29 Jan Bournemouth Death Due To Cannabis?

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At the end of November last year, the Dorset Echo reported the opening of an inquest after a woman was found unresponsive at her home in Walpole Road, Boscombe. The hearing was told that Gemma Moss, 31, died due to cannabis toxicity. The inquest was adjourned for a full hearing on 21st January 2014.

Today I received a phone call from a news agency indicating that the verdict was death due to cannabis toxicity and asking me for my comments. This is the information that I provided.

It is popularly believed that there has never been a death directly attributable to the use cannabis anywhere in the world – that is because of a toxic effect of cannabis on the body. Clearly, it is possible that somebody may have had an accident while intoxicated through cannabis use but that would be an indirect cause.

Indeed, the NHS publication ‘A summary of the health harms of drugs’ states: “No cases of fatal overdoses have been reported. No confirmed cases of human deaths”. Source: page 31, http://www.nta.nhs.uk/uploads/healthharmsfinal-v1.pdf<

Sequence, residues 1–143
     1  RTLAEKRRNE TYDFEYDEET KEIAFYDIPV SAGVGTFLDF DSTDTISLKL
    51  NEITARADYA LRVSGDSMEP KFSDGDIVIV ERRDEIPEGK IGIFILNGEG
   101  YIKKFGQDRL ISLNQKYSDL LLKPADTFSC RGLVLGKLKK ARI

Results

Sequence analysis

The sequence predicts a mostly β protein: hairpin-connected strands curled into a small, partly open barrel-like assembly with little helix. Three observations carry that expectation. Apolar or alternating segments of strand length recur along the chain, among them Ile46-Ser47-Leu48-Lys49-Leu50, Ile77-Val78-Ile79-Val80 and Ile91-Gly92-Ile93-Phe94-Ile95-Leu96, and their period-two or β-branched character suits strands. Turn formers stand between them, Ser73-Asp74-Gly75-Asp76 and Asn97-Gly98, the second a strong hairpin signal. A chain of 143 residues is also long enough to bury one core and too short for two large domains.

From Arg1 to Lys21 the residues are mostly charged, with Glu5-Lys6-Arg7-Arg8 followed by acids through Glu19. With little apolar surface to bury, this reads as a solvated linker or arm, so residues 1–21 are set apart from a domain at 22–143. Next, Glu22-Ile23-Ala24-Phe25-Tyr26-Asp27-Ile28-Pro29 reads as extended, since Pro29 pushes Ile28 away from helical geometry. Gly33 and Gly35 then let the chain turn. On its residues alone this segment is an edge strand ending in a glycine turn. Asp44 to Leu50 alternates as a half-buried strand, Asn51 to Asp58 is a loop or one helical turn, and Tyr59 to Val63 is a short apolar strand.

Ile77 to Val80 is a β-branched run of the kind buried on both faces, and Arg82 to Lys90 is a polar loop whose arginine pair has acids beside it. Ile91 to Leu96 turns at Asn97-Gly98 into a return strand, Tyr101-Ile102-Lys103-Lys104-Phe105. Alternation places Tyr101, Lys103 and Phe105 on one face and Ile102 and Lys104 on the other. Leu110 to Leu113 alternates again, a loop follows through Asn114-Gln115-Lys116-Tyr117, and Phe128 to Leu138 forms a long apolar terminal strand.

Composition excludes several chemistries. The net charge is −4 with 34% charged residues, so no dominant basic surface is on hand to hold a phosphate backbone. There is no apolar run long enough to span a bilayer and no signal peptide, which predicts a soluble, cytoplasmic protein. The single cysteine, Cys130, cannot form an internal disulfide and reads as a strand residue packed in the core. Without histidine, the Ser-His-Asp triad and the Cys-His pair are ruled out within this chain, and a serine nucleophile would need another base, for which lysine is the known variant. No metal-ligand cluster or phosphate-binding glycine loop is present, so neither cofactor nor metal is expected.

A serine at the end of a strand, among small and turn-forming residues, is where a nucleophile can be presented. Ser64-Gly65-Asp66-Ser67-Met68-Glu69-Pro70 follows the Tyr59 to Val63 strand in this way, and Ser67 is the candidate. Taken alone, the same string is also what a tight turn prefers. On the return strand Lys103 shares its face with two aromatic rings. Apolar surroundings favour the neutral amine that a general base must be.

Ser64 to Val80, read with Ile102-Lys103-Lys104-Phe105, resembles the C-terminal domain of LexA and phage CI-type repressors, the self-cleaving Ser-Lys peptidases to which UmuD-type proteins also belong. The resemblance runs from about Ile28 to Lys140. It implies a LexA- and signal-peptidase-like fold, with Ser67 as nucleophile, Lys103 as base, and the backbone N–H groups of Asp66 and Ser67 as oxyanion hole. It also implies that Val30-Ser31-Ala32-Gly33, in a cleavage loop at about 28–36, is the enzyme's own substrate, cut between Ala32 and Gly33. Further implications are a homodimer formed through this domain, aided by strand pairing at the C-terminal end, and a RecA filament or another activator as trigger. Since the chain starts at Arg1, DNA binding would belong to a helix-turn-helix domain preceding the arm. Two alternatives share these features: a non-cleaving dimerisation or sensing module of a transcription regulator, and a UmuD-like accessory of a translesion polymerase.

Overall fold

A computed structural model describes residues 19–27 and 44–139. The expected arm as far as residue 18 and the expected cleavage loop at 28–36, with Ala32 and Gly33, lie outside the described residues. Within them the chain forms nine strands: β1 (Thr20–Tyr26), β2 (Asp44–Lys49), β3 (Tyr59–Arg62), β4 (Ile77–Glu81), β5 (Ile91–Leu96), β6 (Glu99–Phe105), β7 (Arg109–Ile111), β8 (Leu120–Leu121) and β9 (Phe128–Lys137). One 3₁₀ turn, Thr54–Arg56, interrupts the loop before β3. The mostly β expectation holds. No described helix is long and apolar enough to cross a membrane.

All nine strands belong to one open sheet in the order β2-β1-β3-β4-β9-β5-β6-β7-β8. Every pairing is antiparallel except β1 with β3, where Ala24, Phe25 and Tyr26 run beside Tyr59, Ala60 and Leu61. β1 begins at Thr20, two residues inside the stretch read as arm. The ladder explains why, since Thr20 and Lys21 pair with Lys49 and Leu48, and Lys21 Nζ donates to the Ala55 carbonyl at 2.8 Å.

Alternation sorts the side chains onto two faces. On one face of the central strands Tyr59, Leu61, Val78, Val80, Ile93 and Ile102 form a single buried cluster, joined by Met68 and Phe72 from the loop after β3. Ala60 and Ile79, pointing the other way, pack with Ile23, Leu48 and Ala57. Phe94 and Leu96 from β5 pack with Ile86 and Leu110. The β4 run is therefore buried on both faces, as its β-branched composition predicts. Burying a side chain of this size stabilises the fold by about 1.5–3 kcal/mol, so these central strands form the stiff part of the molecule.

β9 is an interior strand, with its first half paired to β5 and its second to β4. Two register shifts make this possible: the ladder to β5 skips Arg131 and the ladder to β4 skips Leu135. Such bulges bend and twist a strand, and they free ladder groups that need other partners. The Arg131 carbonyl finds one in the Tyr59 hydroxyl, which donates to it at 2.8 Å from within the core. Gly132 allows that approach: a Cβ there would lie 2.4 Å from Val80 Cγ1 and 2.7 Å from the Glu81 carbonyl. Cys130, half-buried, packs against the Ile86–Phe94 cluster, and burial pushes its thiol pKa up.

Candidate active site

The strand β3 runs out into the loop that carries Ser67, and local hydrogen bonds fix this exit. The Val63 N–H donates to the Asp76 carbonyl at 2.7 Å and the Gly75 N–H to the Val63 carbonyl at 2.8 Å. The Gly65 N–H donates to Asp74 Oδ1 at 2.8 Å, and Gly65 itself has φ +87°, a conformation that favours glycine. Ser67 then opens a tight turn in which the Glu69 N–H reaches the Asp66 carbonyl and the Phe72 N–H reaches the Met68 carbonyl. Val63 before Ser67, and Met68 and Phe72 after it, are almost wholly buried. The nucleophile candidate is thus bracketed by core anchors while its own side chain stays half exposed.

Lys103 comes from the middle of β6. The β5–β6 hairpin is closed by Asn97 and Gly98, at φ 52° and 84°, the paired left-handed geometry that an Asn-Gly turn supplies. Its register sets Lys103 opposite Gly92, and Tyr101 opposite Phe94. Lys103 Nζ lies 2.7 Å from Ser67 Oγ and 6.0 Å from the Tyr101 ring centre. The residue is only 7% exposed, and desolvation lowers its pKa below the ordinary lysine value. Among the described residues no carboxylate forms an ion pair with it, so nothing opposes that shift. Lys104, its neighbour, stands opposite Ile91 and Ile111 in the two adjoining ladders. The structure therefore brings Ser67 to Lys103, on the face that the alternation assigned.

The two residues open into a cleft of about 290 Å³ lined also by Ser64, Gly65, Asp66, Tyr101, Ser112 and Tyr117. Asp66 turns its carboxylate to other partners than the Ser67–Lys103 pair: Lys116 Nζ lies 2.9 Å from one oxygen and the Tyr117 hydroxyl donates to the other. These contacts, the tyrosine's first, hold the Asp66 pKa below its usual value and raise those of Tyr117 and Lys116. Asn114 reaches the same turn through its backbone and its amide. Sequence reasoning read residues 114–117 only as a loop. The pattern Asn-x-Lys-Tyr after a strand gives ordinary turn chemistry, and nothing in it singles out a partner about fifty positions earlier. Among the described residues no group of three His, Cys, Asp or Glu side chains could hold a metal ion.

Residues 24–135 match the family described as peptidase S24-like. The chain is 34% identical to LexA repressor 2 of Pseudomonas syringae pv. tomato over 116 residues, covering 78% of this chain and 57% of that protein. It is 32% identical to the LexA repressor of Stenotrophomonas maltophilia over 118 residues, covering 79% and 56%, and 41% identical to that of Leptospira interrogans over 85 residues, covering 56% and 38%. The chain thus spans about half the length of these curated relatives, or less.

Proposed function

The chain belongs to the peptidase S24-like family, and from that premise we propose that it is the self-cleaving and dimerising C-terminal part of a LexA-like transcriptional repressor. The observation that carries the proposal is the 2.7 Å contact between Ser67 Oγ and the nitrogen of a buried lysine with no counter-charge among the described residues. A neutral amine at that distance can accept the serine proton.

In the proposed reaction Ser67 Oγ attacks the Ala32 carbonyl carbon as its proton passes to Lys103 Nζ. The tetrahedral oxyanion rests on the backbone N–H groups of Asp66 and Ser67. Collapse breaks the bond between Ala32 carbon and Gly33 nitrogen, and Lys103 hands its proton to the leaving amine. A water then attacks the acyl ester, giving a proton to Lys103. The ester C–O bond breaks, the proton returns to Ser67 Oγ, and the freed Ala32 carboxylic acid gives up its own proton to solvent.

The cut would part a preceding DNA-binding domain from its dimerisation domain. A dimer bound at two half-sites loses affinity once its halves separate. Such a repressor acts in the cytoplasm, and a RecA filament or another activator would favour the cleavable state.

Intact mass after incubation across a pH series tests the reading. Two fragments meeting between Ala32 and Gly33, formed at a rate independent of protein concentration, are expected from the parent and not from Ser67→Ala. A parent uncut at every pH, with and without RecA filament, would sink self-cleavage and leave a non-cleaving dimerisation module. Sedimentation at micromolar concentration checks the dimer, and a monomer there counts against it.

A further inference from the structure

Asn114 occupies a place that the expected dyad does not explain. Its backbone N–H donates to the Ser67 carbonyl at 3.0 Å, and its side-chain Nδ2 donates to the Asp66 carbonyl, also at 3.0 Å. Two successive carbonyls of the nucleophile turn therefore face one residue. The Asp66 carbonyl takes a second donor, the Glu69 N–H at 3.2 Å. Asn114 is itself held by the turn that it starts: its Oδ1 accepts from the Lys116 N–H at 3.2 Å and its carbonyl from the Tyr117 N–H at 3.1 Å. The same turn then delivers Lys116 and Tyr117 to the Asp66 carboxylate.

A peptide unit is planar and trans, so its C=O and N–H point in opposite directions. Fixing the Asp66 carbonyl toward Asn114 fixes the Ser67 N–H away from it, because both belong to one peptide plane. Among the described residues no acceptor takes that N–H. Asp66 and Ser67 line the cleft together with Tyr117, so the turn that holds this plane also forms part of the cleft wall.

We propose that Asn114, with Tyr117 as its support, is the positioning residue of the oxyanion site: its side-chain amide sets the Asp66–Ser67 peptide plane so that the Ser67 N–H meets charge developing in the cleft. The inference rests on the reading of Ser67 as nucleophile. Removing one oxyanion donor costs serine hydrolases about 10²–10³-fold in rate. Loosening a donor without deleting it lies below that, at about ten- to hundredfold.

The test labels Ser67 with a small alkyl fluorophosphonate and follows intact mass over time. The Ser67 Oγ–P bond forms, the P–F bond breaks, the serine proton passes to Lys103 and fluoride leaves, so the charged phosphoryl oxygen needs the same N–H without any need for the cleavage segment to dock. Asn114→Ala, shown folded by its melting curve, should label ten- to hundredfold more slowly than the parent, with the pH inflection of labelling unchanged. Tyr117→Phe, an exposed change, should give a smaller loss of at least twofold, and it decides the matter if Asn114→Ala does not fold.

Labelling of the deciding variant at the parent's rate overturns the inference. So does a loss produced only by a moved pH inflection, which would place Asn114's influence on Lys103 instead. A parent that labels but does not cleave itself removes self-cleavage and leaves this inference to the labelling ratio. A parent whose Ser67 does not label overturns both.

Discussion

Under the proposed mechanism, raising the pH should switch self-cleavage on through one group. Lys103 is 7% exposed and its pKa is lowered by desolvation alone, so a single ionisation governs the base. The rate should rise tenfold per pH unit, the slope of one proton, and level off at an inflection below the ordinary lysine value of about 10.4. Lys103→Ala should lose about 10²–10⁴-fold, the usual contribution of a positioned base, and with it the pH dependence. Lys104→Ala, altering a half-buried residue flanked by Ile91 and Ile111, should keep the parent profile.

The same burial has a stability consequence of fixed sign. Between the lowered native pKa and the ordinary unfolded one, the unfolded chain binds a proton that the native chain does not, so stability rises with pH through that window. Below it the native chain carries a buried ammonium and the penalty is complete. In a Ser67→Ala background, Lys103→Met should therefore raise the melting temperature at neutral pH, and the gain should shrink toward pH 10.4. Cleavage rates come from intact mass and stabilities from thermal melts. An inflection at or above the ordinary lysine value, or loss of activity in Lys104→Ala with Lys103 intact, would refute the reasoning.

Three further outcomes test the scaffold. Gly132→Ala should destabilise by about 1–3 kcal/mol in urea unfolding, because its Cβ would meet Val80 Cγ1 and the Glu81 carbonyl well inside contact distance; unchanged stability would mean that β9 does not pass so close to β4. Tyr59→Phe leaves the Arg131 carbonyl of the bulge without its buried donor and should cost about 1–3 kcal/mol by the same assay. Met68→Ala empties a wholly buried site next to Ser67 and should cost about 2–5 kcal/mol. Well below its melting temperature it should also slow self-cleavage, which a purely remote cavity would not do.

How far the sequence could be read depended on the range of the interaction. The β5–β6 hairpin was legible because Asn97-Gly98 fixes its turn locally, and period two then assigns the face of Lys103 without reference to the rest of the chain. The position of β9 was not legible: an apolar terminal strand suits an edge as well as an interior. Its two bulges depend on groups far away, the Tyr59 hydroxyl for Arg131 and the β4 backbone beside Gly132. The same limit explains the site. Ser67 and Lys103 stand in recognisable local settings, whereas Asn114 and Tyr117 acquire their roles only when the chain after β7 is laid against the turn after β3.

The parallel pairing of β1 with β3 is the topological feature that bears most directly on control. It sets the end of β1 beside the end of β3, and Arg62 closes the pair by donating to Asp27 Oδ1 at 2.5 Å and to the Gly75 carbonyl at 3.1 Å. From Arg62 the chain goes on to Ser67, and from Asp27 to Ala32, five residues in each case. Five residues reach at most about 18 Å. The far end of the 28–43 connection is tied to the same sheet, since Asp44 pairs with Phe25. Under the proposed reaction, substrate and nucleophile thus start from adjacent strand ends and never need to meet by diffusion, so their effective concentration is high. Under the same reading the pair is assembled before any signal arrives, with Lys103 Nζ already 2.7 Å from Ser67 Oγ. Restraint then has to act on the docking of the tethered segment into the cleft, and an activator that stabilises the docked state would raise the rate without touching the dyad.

Science does support the principle that it is impossible to overdose on cannabis. See: http://en.wikipedia.org/wiki/Effects_of_cannabis#Toxicity

Cannabis is probably the least toxic therapeutically active substance known to man. Its Therapeutic Ratio (TR) is so high as to be virtually impossible to calculate but is believed to be between 1:20000 and 1:40000. Thus if 100mg of cannabis would produce an effect, between two to four kilos (taken at once) would be fatal. This amount is, of course, impossible to consume.

Therapeutic Ratio (TR) is the ratio of effective dose for 50% of users (ED50) to lethal dose for 50% of users (LD50). The TR of alcohol is 1:20. TR of heroin is 1:5.

Also, cannabis works on our body because it modulates the endocannabinoid system which consts of a network of CB1 and CB2 receptors throughout the body and endocannabinoids which are the body’s natural chemicals equivalent to the chemicals in the cannabis plant. The CB1 receptor is now believed to be the most prevalent receptor in the brain but does not exist in the brain stem which controls the cardiovascular and pulmonary systems. This is why, unlike opiates, alcohol or other drugs, cannabis cannot depress basic life functions to the point of death.

Many doctors are unaware of the endcocannabinoid system because it was only discovered in 1988 and so has only recently been documented in medical education. It is now believed to be the most important physiological system in our body, regulating the central nervous system, immune, cardiovascular, gastrointestinal and reproductive systems. This is why mankind has found cannabis such a safe and effective medicine for at least 5,000 years for such a wide variety of conditions.